The chief judge Jean-Louis Peries tries to learn more. “I know what I myself was supposed to do,” the accused maintains. “My brother, (Brahim, future attacker of cafés — Ed.), had a belt, a Kalashnikov, I knew that he was going to shoot, I know that he was going to blow himself up, but I didn’t know the targets.”

“Did you know there were cafes, a concert hall?” the president asks. “No, no,” replies Salah Abdeslam dismissively.

“I backed out due to humanity, not out of fear”

The court recalls that he told several of his friends he had failed in his mission because the belt had not functioned.

“That was a lie that I couldn’t rid myself of all during my flight. Then I just accepted it as a reality,” he claims.

To the other members of the jihadist cell, he was ashamed to tell the truth. But “I backed out due to humanity, not out of fear,” Salah Abdeslam would later claim.

He “didn’t dare to do it, that’s all,” his boyhood friend, Mohamed Abrini, who believes that the defective belt is “a Hollywood version” of the story, had testified before him.

Shortly before 8:00pm, Chief Judge Peries turns to the court. “We should perhaps stop here for the evening…”. A big smile from the witness box from Salah Abdeslam: “With me, you never know what to expect. Sometimes, I talk, sometimes I don’t talk…”

The chief judge was to suspend the hearing one hour later. The interrogation of Salah Abdeslam will resume Thursday, in the latter part of the afternoon.

The second article, from the Belgian French-language daily La Libre, reports on Friday’s concluding testimony:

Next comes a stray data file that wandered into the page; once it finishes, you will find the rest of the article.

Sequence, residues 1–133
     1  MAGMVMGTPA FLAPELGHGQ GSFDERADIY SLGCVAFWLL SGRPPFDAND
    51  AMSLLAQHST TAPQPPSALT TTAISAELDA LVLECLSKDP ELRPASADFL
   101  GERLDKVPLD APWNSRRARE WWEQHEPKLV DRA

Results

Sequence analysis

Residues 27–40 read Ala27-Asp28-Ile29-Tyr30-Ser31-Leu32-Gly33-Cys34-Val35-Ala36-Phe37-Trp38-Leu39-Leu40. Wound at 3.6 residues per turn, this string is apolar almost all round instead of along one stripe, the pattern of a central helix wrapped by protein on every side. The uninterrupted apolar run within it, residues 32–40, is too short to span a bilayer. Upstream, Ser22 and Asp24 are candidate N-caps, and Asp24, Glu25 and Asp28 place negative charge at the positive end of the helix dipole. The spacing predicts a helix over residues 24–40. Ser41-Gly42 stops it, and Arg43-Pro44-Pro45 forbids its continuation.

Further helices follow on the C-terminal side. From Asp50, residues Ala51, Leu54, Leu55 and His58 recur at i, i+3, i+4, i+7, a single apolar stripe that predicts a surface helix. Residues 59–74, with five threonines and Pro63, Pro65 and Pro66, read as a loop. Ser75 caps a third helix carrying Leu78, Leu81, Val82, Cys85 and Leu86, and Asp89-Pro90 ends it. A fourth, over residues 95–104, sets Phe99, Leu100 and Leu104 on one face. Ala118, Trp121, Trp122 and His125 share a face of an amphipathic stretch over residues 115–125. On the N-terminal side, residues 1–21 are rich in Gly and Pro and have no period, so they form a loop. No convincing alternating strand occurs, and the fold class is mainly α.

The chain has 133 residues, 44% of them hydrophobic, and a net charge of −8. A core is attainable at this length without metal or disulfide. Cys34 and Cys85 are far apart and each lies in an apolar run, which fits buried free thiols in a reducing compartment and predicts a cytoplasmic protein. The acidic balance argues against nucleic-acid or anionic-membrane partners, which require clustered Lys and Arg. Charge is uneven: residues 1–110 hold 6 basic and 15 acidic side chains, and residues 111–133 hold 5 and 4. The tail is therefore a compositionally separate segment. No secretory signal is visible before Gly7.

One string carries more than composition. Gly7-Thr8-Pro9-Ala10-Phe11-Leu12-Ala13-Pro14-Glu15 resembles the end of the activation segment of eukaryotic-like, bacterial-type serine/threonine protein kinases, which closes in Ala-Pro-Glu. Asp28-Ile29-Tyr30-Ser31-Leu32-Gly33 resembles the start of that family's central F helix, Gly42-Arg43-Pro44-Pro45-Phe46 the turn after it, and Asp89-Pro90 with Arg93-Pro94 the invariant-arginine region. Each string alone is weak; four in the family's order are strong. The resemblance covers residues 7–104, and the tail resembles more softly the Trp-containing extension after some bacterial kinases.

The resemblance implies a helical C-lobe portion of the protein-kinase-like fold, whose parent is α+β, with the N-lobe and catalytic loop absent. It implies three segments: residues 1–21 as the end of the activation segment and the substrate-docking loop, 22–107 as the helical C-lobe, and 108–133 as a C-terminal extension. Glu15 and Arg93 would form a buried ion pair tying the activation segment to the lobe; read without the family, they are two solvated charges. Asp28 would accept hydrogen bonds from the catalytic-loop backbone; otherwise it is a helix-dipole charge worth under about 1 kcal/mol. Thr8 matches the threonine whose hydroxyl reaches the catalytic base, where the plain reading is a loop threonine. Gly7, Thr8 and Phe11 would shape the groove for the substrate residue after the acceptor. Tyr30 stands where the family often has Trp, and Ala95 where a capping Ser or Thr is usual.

Salah Abdeslam cracks at the trial of the Paris attacks. “I want to offer my condolences and my apologies to all the victims”

The final interrogation of Salah Abdeslam continued Friday in front of the criminal court of Paris in the November 13 attacks trial.

April 15, 2022

After recounting his evening of November 13 on Wednesday and Thursday, and responding to the questions of the Court and interested parties, the principal suspect of the attacks addressed himself one last time to the victims on Friday. In tears, Salah Abdeslam offer his condolences and apologies to the victims of the attacks.

“I want to offer my condolences and my apologies to all the victims, the 32-year-old Frenchman declared from the dock, tears on his cheeks. “I know that the hate remains […] I ask you today to detest me with moderation.”

“I ask you to forgive me,” he stated.

The final interrogation of Salah Abdeslam had begun early Wednesday evening before the special criminal court of Paris and continued Thursday. It concluded Friday afternoon with questions from the defense. The principal defendant maintained throughout the three days that he was supposed to blow himself up in a bar in the 18th arrondissement, but that he had “backed out” at the location after seeing the young people who looked like him and were having a good time.